Understanding Mental Health First Aid and Mental Health Advocacy in the Workplace

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CACHE Level 2

Certificate in Understanding Mental Health First Aid and Mental Health Advocacy in the Workplace TYPES OF MENTAL ILL HEALTH PHYSICAL HEALTH

POSITIVE RELATIONSHIPS

COMMUNICATION

SUPPORT

GUIDANCE

Workbook

How to use your learning materials This course is delivered on a flexible learning basis. This means that most of your study will take place away from your Assessor/Tutor. It helps to carefully plan your studying so that you get the most out of your course. We have put together some handy tips for you below.

Study Guidance • Try to plan an outline timetable of when and where you will study. • Try to complete your work in a quiet environment where you are unlikely to be distracted. • Set realistic goals and deadlines for the various elements of your course. • Plan what you are going to study during each session, and try and achieve this each time. • After each session, reflect on what you have achieved and plan what you hope to complete next time. • Remember that not only do you have the support of your Assessor/Tutor, but it is likely that your family, friends and work colleagues will also be willing to help.

Assessor/Tutor Support Your Assessor/Tutor will be available to support and guide you through the programme. They are experts in your area of study and are experienced in helping many different types of learners. They can help you to improve the standard of work you submit and will give you useful feedback on areas in which you have excelled, as well as where you can improve. Remember to listen to, or read, their feedback carefully. Ask if you are unsure about any of the feedback you receive, as your Assessor/Tutor is there to help. Make note of any tips they give. Refer to the learning materials, as they contain the information you need to complete the end-of-unit assessments. Look out for areas in which you can improve, and set yourself an action plan to make sure you complete the required work. Take positive feedback on board; this demonstrates you are doing things right and have a good understanding of the subject area. Use the feedback to avoid repeating any mistakes you may have made.

Enjoy your studies!

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CACHE Level 2 Certificate in Understanding Mental Health First Aid and Mental Health Advocacy in the Workplace Workbook Workbook Contents In this workbook, you will learn about the different types of mental ill health and the factors that contribute to mental ill health. You will explore the signs and indicators of mental health and how you can support individuals with mental health issues and those facing mental health crises. You will find out when it is appropriate to refer an individual to others in relation to mental health issues. You will also learn about the perceptions of and attitudes to mental health and how mental health impacts on those around the individual. You will look at how to promote a mentally healthy environment and consider ways to support your own mental health. Contents This workbook contains four sections: Page Section Section Section Section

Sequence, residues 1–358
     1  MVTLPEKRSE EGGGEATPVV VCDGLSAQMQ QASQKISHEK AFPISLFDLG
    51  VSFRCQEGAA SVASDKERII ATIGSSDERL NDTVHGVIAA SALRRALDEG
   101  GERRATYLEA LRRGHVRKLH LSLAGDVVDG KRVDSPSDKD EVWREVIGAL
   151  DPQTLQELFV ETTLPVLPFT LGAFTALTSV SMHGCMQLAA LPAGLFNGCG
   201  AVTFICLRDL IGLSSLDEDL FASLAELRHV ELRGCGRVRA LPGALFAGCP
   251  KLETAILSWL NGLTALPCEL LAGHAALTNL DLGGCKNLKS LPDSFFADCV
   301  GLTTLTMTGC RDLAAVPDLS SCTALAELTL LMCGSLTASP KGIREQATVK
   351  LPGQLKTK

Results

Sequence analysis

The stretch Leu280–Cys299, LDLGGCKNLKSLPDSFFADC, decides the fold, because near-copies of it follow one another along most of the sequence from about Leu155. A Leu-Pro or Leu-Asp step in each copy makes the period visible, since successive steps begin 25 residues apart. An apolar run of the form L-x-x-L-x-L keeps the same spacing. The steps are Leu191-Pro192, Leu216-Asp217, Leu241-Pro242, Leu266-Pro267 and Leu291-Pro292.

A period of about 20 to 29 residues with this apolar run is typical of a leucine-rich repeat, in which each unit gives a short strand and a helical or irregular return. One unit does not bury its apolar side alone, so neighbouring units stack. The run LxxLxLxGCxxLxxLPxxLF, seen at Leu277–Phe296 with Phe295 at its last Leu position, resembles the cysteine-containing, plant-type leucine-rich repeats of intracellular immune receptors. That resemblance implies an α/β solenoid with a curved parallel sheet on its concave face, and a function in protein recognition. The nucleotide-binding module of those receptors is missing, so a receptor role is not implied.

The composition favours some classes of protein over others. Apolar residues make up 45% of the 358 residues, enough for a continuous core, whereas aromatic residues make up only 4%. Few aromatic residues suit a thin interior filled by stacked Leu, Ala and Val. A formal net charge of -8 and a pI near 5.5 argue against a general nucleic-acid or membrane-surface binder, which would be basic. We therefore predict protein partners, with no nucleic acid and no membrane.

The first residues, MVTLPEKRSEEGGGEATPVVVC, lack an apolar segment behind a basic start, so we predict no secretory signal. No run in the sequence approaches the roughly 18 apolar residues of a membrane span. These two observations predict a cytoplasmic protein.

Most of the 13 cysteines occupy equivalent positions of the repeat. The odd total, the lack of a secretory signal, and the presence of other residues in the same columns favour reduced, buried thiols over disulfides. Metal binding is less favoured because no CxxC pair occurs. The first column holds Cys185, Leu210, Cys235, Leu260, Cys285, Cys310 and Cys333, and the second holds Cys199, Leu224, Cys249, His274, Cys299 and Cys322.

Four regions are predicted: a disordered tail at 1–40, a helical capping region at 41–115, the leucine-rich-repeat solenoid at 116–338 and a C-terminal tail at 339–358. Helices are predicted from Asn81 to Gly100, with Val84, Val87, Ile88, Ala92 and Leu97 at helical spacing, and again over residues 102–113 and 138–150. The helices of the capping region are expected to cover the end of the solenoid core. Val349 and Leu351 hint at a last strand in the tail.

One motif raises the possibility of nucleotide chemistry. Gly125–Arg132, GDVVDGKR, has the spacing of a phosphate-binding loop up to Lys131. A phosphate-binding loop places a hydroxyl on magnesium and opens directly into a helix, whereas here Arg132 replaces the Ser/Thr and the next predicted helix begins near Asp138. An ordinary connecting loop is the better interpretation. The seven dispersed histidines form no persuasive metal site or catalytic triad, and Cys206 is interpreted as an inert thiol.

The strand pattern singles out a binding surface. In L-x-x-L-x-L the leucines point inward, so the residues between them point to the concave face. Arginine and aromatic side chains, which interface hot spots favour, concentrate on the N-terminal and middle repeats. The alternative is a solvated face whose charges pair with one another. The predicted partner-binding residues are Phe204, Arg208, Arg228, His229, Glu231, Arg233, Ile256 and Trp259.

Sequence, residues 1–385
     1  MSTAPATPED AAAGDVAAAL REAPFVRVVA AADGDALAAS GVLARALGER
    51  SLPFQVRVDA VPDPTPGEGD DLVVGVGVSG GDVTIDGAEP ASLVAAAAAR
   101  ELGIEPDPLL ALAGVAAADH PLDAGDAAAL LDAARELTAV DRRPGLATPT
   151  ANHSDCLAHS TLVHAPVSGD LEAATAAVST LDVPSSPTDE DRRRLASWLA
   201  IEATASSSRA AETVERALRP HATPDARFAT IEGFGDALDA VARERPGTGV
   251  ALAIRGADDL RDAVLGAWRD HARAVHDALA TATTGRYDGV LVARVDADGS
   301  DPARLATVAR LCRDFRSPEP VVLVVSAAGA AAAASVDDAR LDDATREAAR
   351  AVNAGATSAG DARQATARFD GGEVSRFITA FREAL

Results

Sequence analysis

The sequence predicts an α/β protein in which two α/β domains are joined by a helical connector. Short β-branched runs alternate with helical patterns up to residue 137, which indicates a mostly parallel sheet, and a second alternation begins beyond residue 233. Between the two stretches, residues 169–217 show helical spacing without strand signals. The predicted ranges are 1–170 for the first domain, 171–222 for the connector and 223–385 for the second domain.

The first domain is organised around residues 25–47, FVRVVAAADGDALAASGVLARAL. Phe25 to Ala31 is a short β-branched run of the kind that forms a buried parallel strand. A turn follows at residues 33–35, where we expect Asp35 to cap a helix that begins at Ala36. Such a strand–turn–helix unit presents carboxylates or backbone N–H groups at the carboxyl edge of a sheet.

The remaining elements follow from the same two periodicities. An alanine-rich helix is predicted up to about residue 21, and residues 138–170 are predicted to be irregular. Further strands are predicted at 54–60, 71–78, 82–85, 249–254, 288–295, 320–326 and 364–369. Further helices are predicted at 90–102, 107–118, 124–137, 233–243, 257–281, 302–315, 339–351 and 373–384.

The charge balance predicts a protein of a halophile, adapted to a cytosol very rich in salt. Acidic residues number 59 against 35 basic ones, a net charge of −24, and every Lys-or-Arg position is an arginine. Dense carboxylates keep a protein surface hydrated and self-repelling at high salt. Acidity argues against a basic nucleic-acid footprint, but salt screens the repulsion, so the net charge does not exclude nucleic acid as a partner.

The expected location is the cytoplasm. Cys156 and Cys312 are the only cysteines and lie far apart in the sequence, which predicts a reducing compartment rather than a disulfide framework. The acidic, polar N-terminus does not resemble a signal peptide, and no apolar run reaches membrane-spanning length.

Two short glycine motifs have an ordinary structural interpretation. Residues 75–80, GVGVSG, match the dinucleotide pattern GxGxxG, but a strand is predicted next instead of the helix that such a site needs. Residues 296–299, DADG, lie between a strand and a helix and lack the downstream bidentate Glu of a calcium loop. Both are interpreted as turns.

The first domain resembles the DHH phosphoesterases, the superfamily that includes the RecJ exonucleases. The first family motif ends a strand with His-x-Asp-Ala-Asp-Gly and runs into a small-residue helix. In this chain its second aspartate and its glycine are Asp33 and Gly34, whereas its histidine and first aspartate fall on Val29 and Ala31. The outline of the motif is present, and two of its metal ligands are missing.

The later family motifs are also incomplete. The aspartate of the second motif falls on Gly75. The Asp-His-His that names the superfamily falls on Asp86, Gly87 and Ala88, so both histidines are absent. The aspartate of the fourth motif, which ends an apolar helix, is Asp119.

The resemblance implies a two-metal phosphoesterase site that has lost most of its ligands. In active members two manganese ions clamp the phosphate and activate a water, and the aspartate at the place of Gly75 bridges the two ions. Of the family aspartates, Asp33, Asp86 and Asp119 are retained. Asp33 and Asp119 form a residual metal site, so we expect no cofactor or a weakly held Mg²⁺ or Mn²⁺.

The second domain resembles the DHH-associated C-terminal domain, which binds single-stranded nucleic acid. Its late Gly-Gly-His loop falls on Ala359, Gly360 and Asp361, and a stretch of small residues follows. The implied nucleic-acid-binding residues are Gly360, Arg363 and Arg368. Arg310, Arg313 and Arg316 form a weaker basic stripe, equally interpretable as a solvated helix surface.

1: 2: 3: 4:

Exploring mental health Understand how to support individuals with mental ill health Understand a mentally healthy environment Extension activities

Each section has a corresponding assessment that must be completed in order to achieve this part of the programme. The assessments for this workbook can be found in: Assessment

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CACHE Level 2 Certificate in Understanding Mental Health First Aid and Mental Health Advocacy in the Workplace Assessment Learner contact details Name: Contact address:

Postcode:

Contact number:

Email:

Learner declaration

When you have completed this workbook, you should attempt the assessment. Your Assessor/Tutor will then give you detailed written feedback on your progress. Remember that your assessment answers should be written in your own words. You should not copy answers directly from the workbooks.

I confirm that the answers in Assessment were completed by me, represent my own ideas and are my own work. Learner signature:

Assessment date:

If you need any help in completing these Assessments, refer to the relevant section within Workbook, or contact your Assessor/Tutor. Please tick one of the boxes below to show what your status will be when you complete this course.  EMP 1 In paid employment for 16 hours or more  GAP 1 Gap year before per week starting HE  EMP 2 In paid employment for less than 16 hours  EDU 1 Traineeship per week  EDU 2 Apprenticeship  EMP 4 Self-employed for 16 hours or more per week  EDU 3 Supported Internship  EMP 5 Self-employed for less than 16 hours per week  EDU 4 Other FE* (Full-time)  NPE 1 Not in paid employment, looking for work and  EDU 5 Other FE* (Part-time) available to start work  EDU 6 HE  NPE 2 Not in paid employment, not looking for work  OTH # (please state) and/or not available to start work (including retired)  VOL 1 Voluntary work ………………………………

Assessment